Crystallization of Ribonuclease A and Glucose Isomerase with (R)-, (S)-, and (RS)-2-methyl-2,4-pentanediol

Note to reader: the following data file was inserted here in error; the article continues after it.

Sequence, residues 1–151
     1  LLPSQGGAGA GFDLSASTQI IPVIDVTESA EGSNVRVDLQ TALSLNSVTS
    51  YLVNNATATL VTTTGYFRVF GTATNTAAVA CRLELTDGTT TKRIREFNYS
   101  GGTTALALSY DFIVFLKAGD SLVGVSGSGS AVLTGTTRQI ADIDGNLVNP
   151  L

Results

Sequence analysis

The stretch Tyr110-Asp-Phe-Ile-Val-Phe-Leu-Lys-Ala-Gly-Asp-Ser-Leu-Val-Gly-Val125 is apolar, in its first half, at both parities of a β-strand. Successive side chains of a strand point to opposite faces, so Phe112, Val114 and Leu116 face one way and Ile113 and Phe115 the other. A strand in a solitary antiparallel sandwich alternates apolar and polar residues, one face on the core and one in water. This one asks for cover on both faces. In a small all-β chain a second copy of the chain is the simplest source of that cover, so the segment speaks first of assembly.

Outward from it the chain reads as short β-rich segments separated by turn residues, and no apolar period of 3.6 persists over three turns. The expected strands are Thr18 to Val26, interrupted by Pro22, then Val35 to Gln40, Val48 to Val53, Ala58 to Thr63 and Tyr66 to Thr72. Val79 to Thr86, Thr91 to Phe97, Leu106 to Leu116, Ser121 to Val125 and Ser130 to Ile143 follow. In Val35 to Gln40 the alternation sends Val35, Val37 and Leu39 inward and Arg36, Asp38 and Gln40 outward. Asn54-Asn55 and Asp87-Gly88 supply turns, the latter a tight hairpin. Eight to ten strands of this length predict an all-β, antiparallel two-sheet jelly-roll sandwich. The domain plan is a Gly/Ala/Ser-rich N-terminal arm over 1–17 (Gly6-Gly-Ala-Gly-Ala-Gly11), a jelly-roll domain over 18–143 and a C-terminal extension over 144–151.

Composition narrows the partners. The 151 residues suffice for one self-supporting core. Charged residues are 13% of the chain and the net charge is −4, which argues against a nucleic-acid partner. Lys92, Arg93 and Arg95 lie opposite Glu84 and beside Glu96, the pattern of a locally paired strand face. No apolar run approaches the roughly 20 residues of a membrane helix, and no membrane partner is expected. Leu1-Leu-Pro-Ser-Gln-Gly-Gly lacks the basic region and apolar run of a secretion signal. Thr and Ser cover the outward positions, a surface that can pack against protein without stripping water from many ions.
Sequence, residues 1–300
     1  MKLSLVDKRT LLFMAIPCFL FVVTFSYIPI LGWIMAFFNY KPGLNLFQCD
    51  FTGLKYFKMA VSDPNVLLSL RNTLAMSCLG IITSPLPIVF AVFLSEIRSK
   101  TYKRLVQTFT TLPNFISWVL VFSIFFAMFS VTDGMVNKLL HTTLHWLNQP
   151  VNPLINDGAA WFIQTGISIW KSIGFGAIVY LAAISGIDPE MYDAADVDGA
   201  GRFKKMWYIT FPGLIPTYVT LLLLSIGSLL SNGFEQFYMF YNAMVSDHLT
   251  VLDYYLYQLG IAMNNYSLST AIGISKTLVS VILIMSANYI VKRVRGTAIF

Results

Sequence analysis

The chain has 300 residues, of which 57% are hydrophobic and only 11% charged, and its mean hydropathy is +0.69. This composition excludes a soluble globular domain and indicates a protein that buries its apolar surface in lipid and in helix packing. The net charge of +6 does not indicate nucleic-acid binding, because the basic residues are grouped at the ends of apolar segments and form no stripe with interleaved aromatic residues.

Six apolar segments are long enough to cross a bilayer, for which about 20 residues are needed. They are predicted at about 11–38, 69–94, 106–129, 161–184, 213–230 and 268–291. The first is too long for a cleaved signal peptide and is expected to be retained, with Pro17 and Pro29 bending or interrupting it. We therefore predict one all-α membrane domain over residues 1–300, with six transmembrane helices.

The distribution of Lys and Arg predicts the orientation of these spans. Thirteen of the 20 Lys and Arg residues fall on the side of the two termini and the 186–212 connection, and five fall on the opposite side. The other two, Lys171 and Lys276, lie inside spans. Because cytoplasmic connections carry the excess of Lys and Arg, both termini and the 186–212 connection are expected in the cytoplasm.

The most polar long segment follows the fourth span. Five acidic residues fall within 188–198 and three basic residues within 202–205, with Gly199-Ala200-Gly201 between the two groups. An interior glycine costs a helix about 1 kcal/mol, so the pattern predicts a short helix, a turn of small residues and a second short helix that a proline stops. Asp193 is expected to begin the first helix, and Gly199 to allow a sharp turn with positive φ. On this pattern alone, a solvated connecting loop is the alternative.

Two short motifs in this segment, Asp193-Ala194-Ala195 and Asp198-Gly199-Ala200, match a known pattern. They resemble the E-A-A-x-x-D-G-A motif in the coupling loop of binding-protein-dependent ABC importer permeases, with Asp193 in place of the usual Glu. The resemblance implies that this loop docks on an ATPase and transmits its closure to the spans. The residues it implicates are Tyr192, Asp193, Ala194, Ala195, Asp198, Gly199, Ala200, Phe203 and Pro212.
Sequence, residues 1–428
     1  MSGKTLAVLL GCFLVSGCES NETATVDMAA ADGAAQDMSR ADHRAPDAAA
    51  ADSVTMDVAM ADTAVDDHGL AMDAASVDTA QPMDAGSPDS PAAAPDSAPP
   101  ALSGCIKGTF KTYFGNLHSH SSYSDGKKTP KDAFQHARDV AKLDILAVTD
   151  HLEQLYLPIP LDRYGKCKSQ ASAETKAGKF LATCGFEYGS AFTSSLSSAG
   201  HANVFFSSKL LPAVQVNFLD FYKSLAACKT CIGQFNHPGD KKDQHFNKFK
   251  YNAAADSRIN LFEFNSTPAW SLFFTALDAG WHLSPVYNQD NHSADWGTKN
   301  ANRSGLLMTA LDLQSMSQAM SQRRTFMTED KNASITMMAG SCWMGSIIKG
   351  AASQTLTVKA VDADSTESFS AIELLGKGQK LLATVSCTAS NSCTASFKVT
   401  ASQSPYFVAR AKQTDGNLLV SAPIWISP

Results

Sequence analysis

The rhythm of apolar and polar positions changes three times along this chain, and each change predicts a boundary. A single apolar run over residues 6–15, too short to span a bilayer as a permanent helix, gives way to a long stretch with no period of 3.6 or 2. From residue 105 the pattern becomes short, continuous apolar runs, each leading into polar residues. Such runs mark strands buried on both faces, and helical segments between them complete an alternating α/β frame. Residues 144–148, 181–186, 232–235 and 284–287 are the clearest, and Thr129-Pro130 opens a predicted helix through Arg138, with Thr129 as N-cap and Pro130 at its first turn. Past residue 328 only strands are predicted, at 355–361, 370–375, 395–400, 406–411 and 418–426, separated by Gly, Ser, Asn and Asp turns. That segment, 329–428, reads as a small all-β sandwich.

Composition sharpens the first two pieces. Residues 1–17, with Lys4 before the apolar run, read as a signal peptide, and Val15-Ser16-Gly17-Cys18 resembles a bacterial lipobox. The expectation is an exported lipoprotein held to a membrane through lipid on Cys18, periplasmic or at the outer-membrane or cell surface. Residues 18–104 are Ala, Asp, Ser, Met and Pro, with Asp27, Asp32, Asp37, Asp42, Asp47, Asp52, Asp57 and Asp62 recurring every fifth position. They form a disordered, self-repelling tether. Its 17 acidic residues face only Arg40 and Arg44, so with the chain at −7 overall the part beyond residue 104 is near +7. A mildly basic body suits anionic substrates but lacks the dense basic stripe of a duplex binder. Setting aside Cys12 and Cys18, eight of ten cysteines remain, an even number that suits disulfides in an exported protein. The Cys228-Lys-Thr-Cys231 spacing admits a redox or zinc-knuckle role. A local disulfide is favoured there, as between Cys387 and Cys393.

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Crystallizing proteins is challenging because it entails selecting appropriately a myriad of different variables. One of these variables is the type of precipitant used. Our lab uses a unique approach of using chiral precipitants to crystallize proteins. Chiral molecules are known to have slightly different properties from each other. These differences in chiral precipitants can affect the way proteins crystallize. In this study, the proteins ribonuclease A and glucose isomerase were crystallized in the presence of the chiral additive 2-methyl-2,4-pentanediol (MPD), using the (R) and (S) enantiomers as well as the racemic (RS) mixture. A wide range of experiments was done with ribonuclease A, exemplifying the many effects that chiral molecules can have on protein crystallization. Using the batch technique at 25°C, only (S)- MPD was found in crystals prepared in an (RS)-MPD solution. In a separate experiment with batch at 4°C, only crystals prepared with (R)-MPD formed, but with no MPD evident in the resulting crystals. In a microbatch experiment using an Oryx 8 robot, crystals were produced with each enantiomer, but the ribonuclease A crystallized with (S)-MPD took 1.5 months to crystallize compared to only one week with ribonuclease A crystallized with (R)-MPD. In both cases MPD was found in the crystal. A seeding experiment done with ribonuclease A showed that the crystal behavior is due to the solution and not the seed. For glucose isomerase, crystallization was carried out using only microbatch. By comparing crystals formed with (R)-, (S)-, and (RS)-MPD it became evident that there were two MPD binding sites, one that preferred (R)-MPD and one that preferred (S)-MPD. Unlike ribonuclease A, the differences in the overall resolution and quality of the crystals prepared with the different enantiomers were statistically insignificant.
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